An elevator and/or an adjustable horizontal stabilizer can be used in order to control the inclination of the aircraft around its lateral axis at higher speeds so that the most convenient equilibrium position of the aircraft fuselage is obtained. In the case of autorotation without motor power or in case for any reason the revolving velocity of the wings sinks below a certain predetermined minimum value the gamma- and alpha-oscillations and the phi-control can be made to automatically assume the positions ensuring the slowest possible descent of the aircraft. This effect can be obtained e. g. by means of a centrifugal governor influencing the controlling devices eventually with the help of springs and notches.

As before explained the correct effect of my new kind of oscillation is obtained by superimposing the alpha-oscillation over the basic gamma-oscillation. Fig. 18 shows in schematical representation for different positions of the wing or air-foil 3 the periodically varying angles "gamma" which are enclosed between the directions of the resultant airflows ur and the respective tangents 16 to the circle of revolution. Furthermore, Fig. 18 shows the angles of incidence alpha between the wing 3 and the directions of the resultant airflows ur. The displacement by means of the phi-control of the maximum value of0 alpha and of the entire alphaoscillation phase is not shown in the drawing for reasons of simplification.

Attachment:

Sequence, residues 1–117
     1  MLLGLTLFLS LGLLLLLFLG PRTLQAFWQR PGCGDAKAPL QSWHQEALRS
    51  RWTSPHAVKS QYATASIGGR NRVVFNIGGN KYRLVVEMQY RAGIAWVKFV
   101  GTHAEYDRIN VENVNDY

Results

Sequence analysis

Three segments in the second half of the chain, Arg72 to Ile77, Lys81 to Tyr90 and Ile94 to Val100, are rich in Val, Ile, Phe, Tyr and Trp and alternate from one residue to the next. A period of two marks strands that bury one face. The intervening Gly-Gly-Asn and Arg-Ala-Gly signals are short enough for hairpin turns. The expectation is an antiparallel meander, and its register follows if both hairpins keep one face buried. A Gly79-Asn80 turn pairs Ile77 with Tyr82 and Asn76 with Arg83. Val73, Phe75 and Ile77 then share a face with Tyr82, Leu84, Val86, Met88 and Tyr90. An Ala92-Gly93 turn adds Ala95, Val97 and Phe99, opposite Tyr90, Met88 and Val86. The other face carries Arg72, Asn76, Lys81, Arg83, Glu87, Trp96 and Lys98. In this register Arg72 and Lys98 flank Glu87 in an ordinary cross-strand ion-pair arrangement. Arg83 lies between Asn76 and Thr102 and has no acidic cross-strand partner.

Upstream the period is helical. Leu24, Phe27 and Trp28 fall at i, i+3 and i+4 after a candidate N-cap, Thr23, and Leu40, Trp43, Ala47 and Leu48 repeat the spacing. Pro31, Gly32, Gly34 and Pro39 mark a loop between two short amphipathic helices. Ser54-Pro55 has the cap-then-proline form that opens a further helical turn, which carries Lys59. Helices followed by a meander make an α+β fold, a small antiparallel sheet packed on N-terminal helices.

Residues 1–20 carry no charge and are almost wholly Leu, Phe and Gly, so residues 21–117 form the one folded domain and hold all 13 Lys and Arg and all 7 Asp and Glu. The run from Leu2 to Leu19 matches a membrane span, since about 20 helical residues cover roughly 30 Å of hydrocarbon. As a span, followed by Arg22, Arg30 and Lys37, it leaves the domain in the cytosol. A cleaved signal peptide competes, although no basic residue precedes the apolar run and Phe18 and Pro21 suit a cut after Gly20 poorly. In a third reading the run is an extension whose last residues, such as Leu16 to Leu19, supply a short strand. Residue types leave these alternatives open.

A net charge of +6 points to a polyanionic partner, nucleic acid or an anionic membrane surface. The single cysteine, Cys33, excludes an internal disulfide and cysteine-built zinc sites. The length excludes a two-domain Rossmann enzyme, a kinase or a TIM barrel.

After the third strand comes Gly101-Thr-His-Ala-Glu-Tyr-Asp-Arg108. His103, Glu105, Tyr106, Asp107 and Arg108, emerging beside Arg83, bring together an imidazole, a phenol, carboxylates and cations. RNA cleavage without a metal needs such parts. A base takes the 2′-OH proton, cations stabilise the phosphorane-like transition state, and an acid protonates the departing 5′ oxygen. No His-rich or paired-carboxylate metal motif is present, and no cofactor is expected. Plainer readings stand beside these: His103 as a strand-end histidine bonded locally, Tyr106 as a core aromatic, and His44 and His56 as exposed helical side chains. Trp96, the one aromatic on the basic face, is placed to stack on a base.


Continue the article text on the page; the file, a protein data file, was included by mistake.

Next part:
Fig. 19 indicates for given conditions the mutual positions of u and v. The position marked 0° (on the left) corresponds to the upper apex and the position marked 90* corresponds to the foremost point of the circle of revolution. Fig. 19 clearly shows the simple law of the gammaoscillation which therefore can be produced by simple means e. g. by a tripartite crank mechanism with links 25, 26, 27. In this mechahism the member 25-26 corresponds in length to the value of the circumferential velocity u of the wings, which is assumed to be practically unvariable during one revolution. The length and direction of the member 26-27 corresponds to the amount and direction of the airflow velocity v through the circle of revolution. If the member corresponding to v is revolved around point 26 synchronically with the wing while the other member corresponding to u remains fixed, then the length and direction of the third member 25-27 (25-27a, 25-27b, 25 etc.) which is variable in length in order to connect the free end 25 of u with the free end 27 of v, corresponds to the amount and direction of the resultant airflow velocity ur, and the angle gamma is enclosed between the member representing ur and the member corresponding to u.

The angular velocity of the gamma-oscillation varies in accordance with an alteration of the ratio of u/v only. Fig. 19 gives the values of gamma for u/v=2. Fig. 20 gives the values of gamma for u/v=10, the apex 25a of the angle gamma lying for outside. Fig. 21 is illustrative of the condition of u/v=l, the apex 25b of the angle gamma lying on the circle of revolution.